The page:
Review – Reading the Postwar Future: Textual Turning Points from 1944

Reading the Postwar Future: Textual Turning Points from 1944
Edited by Kirrily Freeman and John Munro.
Bloomsbury Academic, 2020

Reviewed by Richard Toye (University of Exeter)

Cross-posted from E-International Relations

The editors of this volume note its origins “as a cross-corridor conversation along the lines of ‘Have you ever noticed how many influential books were written in 1944?’” (p.x). This conversation gave rise to a project of intellectual history exploring how key texts from this pivotal year reflected on, and helped shape, a different world order. The twelve chapters are not in fact confined to books; there are treatments, for example, of a Kurosawa film (by Chikako Nagayama), of the United Nations Relief and Rehabilitation Administration (by Suzanne Langlois), of the 1944 Democratic Party programme (by Katherine Rye Jewell), and of a Mao Zedong speech made in tribute to a fallen comrade (by Rebecca E. Karl). The Mao speech became “one of the three ‘constantly read articles’ of socialist education campaigns” (p.216). As the editors acknowledge, there are several other texts which might have been included, such as Sartre’s Huis Clos. However, they are to be commended on a judicious selection and on their choice of a novel frame through which to examine a significant historical moment.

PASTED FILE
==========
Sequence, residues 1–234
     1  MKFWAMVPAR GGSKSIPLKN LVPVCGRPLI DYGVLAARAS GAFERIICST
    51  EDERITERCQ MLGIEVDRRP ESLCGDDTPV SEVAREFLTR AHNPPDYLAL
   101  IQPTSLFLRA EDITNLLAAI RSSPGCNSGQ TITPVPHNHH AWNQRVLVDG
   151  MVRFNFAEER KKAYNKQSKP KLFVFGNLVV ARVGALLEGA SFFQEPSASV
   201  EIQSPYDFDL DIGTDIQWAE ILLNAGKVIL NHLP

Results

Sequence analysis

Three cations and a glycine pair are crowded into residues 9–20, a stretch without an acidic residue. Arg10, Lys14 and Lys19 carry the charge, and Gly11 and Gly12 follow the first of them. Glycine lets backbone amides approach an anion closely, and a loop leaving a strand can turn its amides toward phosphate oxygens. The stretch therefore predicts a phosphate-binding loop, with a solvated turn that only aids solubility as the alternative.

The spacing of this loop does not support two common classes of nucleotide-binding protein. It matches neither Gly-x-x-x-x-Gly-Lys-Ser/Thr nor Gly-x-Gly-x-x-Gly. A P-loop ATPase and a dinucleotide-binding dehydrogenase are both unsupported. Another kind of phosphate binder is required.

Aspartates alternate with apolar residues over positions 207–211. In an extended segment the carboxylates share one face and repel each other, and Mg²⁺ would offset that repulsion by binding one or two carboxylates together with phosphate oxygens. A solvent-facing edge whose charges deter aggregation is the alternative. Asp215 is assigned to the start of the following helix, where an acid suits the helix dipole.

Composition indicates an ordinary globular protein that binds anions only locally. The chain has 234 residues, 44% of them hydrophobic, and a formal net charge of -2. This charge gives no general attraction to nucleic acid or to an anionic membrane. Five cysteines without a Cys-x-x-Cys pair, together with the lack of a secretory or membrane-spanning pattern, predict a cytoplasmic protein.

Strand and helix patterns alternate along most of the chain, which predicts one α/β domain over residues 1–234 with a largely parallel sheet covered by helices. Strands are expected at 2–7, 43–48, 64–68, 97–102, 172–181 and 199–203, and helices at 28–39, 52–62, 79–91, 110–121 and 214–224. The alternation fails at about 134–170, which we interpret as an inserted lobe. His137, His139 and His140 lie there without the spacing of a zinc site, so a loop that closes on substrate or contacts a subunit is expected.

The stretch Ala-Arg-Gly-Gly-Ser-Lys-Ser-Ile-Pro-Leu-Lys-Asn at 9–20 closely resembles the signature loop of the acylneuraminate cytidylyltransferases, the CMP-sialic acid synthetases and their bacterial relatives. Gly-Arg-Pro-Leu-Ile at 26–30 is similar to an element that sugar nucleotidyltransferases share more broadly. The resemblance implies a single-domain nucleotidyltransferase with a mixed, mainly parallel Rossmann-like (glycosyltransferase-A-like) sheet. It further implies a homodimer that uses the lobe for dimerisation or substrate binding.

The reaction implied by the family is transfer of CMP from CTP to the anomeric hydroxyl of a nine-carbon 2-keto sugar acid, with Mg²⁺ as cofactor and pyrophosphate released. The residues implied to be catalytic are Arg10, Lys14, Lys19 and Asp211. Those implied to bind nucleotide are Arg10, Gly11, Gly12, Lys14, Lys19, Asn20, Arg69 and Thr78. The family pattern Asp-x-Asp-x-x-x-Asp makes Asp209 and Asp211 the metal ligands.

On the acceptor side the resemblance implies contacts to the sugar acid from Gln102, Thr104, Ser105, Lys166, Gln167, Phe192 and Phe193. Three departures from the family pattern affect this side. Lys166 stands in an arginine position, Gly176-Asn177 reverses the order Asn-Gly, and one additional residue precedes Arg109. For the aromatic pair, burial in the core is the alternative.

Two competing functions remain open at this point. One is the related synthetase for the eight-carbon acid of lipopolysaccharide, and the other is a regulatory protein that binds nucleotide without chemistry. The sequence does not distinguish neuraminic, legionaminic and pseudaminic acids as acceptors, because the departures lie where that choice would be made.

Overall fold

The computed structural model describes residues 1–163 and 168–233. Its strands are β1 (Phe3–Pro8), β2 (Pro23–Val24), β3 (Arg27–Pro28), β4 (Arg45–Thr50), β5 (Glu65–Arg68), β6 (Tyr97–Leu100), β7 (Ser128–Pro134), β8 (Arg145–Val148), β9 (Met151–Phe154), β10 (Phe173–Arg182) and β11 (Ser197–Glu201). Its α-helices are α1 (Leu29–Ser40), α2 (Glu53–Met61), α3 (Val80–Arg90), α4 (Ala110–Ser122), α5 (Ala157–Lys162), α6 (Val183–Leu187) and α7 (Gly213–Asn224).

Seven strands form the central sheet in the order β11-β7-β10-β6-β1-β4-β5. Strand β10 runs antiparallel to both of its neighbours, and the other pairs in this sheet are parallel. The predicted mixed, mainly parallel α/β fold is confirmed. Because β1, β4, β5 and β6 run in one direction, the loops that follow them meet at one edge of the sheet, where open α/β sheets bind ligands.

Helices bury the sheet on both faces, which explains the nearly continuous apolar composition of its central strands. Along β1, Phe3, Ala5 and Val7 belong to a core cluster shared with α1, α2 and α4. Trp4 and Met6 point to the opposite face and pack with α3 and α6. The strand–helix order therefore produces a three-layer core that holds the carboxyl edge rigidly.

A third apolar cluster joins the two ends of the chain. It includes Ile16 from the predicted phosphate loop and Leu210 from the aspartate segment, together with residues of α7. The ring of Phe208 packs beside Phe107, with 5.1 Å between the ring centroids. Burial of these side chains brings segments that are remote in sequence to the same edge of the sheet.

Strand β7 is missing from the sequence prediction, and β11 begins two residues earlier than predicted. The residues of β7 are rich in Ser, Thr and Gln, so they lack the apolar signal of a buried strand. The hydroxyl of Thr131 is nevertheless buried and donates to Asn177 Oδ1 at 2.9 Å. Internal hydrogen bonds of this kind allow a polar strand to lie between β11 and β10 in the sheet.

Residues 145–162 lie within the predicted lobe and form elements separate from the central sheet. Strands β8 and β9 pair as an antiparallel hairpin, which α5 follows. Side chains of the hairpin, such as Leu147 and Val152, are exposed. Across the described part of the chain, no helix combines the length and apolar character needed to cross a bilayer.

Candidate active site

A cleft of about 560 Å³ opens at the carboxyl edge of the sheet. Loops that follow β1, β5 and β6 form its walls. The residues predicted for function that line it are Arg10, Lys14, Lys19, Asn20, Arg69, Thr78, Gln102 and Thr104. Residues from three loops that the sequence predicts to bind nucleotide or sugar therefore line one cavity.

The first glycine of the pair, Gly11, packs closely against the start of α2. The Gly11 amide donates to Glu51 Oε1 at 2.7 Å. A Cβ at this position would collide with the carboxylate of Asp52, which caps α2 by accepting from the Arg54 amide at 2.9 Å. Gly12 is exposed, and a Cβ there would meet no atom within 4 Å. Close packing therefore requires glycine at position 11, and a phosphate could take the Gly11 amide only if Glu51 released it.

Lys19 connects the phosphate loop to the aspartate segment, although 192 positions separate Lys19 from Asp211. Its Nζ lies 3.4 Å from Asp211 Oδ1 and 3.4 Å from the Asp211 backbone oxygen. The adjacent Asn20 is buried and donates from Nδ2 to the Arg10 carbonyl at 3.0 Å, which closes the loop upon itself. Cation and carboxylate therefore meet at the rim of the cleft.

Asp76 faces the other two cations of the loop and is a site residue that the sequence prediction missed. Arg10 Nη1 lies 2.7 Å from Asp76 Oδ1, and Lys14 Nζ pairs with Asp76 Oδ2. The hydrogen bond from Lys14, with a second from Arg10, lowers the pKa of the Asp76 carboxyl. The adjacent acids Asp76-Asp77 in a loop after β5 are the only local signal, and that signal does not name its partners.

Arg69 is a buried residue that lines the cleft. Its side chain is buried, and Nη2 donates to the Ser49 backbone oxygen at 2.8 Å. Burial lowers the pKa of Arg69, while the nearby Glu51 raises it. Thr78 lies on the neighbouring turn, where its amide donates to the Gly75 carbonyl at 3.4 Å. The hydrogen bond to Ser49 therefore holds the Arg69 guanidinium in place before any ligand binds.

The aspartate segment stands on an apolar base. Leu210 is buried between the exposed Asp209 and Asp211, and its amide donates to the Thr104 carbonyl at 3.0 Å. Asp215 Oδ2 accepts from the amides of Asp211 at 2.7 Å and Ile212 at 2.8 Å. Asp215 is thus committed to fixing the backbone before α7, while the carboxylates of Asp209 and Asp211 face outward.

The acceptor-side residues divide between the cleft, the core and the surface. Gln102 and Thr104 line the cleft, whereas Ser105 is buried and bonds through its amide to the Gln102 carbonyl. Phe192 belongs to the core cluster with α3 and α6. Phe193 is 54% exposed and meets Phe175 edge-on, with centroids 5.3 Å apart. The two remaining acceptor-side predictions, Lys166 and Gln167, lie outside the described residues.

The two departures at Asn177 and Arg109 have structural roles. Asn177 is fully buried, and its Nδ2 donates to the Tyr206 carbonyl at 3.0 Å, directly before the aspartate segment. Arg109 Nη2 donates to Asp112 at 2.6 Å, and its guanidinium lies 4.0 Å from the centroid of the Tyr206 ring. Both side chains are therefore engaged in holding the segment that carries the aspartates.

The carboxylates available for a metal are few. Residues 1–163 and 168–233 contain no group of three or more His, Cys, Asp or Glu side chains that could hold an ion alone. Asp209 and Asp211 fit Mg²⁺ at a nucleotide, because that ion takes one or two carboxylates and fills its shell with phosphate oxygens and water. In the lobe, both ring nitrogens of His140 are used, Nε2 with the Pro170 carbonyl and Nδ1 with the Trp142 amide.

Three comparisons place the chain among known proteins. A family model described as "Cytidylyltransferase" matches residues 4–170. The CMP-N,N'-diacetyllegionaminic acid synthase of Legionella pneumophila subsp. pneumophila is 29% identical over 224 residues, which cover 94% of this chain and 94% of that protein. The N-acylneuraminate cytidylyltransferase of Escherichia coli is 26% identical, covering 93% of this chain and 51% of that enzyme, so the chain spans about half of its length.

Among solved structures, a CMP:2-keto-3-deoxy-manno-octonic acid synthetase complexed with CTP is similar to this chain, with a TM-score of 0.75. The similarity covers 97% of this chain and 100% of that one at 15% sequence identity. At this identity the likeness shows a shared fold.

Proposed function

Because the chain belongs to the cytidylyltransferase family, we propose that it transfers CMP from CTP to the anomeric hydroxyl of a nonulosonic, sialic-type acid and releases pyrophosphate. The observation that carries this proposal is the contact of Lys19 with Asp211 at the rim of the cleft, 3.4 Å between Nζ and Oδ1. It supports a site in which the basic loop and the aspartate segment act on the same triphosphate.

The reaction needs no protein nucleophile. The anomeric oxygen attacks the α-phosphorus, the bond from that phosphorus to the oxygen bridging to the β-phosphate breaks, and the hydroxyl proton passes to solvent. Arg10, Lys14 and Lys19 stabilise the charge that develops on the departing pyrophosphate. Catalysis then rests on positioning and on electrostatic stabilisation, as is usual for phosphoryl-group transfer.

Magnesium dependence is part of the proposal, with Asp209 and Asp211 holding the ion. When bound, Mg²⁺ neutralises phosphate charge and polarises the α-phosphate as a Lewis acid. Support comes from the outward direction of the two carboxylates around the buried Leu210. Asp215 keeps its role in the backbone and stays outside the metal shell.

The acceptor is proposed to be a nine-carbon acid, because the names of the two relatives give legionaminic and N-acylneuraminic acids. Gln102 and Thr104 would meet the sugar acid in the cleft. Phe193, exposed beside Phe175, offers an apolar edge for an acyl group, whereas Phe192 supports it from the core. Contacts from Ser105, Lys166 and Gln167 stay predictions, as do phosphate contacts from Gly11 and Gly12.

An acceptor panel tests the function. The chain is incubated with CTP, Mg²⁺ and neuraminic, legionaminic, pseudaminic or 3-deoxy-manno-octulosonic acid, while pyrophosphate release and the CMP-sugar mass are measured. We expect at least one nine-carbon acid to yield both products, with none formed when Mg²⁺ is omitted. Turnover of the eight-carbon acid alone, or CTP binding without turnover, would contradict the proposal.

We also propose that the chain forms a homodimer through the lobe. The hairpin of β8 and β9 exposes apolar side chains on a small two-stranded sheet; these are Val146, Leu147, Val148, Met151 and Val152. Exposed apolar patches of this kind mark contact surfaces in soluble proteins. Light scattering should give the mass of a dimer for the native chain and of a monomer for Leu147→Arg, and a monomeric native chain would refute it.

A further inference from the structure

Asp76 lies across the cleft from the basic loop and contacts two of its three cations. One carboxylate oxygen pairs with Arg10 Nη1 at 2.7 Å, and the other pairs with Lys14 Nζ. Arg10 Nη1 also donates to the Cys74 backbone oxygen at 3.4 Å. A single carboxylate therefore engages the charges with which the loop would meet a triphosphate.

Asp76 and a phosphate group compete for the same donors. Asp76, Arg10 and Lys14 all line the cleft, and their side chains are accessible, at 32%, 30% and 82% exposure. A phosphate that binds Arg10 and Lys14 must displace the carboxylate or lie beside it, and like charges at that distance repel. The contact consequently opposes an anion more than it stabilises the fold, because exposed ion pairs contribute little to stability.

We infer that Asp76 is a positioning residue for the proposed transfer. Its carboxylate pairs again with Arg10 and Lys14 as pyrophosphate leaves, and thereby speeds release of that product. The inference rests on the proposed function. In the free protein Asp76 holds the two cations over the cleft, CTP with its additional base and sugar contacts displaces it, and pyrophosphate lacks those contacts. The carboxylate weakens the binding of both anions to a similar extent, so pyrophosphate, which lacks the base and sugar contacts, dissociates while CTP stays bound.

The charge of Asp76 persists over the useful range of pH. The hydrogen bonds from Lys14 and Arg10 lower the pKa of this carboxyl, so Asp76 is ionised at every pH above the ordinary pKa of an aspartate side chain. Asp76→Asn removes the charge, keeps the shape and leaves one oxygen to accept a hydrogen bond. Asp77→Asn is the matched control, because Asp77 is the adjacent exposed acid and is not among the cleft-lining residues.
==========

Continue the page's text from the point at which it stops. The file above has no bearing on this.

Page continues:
F.A. Hayek’s The Road to Serfdom actually receives two different treatments. Radhika Desai compares it to Karl Polanyi’s The Great Transformation which, she argues, has been unjustly neglected. In her analysis, Hayek provided a thin, ahistorical account which attributed the interwar movement towards economic planning to the intellectual failures of “socialists” (who in his view could be found in every party). She argues convincingly that Polanyi’s book “goes for the jugular of the Austrian/Hayekian argument against planning and otherwise interfering in the allegedly spontaneous or natural market mechanism” (p.34). Polanyi rejected the idea that laissez-faire had emerged naturally and that subsequent legislation that departed from it was the consequence of deliberate action by opponents of the tenets of economic liberalism. In fact, he said, laissez-faire was itself the product of purposeful government action, whereas the subsequent limitations placed upon it arose spontaneously because of the threat that free markets posed to key aspects of society. Polanyi, Desai notes, ended up being marginalised in his career, whereas Hayek took laurels which, as far as she is concerned, were wholly undeserved.